Proportional analysis between groups and correlation analysis between BKV and MCV reactivities were performed with the chi-square test and the Spearman test, respectively, using the XLStat software (Addinsoft, Paris, France).
Immunoblotting with an anti-MCC350 VP1 monoclonal or polyclonal antibody as the primary antibody revealed the presence of a 40-kDa band in the nuclear fraction of insect cells infected by the three recombinant baculoviruses corresponding to the three MCV strains investigated (data not shown). The relative amounts of VP1 proteins were evaluated by Coomassie blue staining and varied from 1 for BKV to 10 for MKT-21 and MCC350 MCV strains. The self-assembly of the VP1 protein of MCV was observed only with one of three VP1 clones used (Fig. (Fig.1).1). A high number of VLPs, equivalent to HPV16 VLPs, were observed with the VP1 derived from the MKT-21 clone isolated from a French patient with MCC, but only protein aggregates were detected for VP1 proteins derived from clones MCC350 (4) and MKT-26 (21). VP1 proteins for BKV and LPV were detected at lower levels than MCV VP1 (1/2 to 1/4, respectively), and they self-assembled in various proportions in both large (45-nm) and small (20- to 35-nm) VLPs with the additional presence of free capsomers, as previously observed with murine polyomavirus (16).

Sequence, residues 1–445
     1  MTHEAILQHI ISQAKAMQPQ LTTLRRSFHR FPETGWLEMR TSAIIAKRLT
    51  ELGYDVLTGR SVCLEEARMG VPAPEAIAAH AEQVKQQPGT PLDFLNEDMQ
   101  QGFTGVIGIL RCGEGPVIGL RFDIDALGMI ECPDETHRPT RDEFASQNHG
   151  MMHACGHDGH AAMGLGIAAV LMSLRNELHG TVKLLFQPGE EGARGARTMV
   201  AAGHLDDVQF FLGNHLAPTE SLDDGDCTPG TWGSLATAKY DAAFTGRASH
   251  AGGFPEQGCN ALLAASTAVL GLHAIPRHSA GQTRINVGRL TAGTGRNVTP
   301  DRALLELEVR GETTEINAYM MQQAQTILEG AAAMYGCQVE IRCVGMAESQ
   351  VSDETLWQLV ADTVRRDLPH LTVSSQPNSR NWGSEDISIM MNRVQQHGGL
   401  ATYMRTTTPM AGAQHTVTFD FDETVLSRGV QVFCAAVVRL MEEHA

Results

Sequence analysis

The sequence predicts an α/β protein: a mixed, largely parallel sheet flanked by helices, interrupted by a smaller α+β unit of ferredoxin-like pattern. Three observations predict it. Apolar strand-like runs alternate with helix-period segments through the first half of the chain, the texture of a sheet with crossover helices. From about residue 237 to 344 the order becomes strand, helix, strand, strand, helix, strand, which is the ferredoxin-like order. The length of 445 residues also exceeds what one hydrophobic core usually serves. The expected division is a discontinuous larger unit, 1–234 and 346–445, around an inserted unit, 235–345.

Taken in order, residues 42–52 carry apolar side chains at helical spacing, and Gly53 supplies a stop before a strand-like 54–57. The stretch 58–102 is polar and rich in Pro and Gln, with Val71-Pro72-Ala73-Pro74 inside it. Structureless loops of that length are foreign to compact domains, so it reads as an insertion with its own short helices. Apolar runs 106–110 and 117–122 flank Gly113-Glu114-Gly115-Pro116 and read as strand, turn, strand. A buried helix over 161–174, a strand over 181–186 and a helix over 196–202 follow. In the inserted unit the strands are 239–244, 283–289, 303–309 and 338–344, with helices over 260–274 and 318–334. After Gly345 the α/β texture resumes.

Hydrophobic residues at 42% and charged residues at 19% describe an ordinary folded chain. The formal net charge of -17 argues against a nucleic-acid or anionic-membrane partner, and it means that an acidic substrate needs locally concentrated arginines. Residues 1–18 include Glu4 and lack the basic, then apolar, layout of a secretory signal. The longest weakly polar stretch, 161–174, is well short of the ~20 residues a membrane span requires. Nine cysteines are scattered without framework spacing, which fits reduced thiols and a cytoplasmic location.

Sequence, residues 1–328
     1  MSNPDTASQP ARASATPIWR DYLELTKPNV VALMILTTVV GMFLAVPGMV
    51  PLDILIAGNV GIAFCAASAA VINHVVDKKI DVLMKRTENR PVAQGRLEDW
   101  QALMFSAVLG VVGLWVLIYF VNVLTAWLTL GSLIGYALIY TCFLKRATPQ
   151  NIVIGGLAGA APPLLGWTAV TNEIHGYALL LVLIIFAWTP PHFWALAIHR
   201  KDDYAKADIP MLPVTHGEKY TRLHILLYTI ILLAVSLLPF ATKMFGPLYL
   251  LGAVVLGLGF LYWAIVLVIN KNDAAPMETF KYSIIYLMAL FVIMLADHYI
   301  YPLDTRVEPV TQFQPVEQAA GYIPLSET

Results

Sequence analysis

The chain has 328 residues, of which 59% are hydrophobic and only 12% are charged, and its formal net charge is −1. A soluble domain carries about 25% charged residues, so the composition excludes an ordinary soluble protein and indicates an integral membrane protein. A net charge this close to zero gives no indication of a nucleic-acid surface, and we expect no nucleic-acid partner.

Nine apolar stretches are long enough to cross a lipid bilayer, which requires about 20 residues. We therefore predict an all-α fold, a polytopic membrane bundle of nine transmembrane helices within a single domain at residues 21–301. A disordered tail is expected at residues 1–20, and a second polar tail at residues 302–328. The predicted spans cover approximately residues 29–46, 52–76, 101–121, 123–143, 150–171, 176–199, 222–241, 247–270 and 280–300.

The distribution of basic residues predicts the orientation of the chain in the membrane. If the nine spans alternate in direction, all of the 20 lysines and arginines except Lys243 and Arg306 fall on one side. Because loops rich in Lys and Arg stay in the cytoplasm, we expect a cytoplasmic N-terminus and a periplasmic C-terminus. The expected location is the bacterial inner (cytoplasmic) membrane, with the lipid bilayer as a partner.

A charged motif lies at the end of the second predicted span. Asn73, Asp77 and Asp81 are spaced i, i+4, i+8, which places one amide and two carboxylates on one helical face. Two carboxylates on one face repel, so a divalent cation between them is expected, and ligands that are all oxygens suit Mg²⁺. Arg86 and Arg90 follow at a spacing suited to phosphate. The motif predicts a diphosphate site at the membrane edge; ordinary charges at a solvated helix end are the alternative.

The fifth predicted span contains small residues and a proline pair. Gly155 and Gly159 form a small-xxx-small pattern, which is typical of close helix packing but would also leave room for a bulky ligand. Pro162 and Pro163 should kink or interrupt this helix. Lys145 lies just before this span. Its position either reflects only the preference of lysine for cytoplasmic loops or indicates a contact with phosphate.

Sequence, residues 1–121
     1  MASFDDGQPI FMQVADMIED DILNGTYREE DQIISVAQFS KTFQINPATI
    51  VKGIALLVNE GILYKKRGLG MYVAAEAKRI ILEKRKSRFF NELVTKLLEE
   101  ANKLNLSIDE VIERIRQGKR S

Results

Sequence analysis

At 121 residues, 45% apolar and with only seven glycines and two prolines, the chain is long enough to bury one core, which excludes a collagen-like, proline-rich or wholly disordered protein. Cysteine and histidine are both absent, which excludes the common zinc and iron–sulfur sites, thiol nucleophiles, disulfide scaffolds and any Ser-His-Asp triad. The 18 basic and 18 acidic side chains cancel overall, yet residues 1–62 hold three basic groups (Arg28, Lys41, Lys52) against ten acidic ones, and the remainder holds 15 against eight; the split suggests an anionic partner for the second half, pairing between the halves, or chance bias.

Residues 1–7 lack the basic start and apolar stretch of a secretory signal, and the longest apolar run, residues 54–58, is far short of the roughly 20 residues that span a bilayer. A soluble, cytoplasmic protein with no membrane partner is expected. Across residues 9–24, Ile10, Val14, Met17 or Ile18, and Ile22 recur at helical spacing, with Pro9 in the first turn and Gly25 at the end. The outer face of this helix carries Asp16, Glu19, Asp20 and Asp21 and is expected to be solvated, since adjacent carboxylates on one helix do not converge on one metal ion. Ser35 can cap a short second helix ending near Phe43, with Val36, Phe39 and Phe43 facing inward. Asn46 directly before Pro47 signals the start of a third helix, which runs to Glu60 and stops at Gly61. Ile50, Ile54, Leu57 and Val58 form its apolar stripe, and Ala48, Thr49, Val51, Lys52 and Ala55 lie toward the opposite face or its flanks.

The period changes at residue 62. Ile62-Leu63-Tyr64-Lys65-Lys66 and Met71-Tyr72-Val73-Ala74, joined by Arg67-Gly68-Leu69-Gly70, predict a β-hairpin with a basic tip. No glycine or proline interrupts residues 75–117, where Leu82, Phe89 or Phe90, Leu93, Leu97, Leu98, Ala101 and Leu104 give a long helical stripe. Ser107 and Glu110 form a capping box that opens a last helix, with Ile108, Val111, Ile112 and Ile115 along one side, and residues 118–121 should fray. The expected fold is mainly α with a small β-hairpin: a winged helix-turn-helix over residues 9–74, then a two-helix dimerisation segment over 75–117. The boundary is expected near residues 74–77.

The findings indicated that high titers of MCV antibodies were induced in mice immunized with MKT-21 VP1 VLPs (geometric mean titer [GMT] = 145,800) but not in mice immunized with nonassembled MCC350 VP1 protein (Table (Table1)1) . This suggested that, as observed with HPV, VLPs composed of the major structural protein have the potential to induce high titers neutralizing antibody and thus may be potential components for an effective prophylactic MCV vaccine. ELISA for MCV, BKV, and LPV allows testing of possible cross-reactivity between VP1 proteins. Very high levels of anti-MCV antibody titers were detected in mice immunized with MCV VLPs (GMT = 145,800). However, low antibody titers of cross-reactive antibodies were also detected against BKV VLPs (GMT = 392) and LPV VLPs (GMT = 649) representing 2.6 and 4.4% of the reactivity against MCV VLPs. Similarly, two mouse polyclonal antibodies reacted strongly against BKV (GMT of 3,818), and also against MCV (GMT = 450, 11.7%) and LPV (GMT = 260, 6.8%). Moreover, a mouse polyclonal antibody against LPV VLPs evidenced a low reactivity against MCV and BKV, representing 1.2 and 0.5% of the reactivity against LPV VLPs, respectively. Thus, relatively limited cross-reactivity with BKV and LPV was observed, although there is a 56 to 65% similarity in the VP1 amino acid sequence of these polyomaviruses.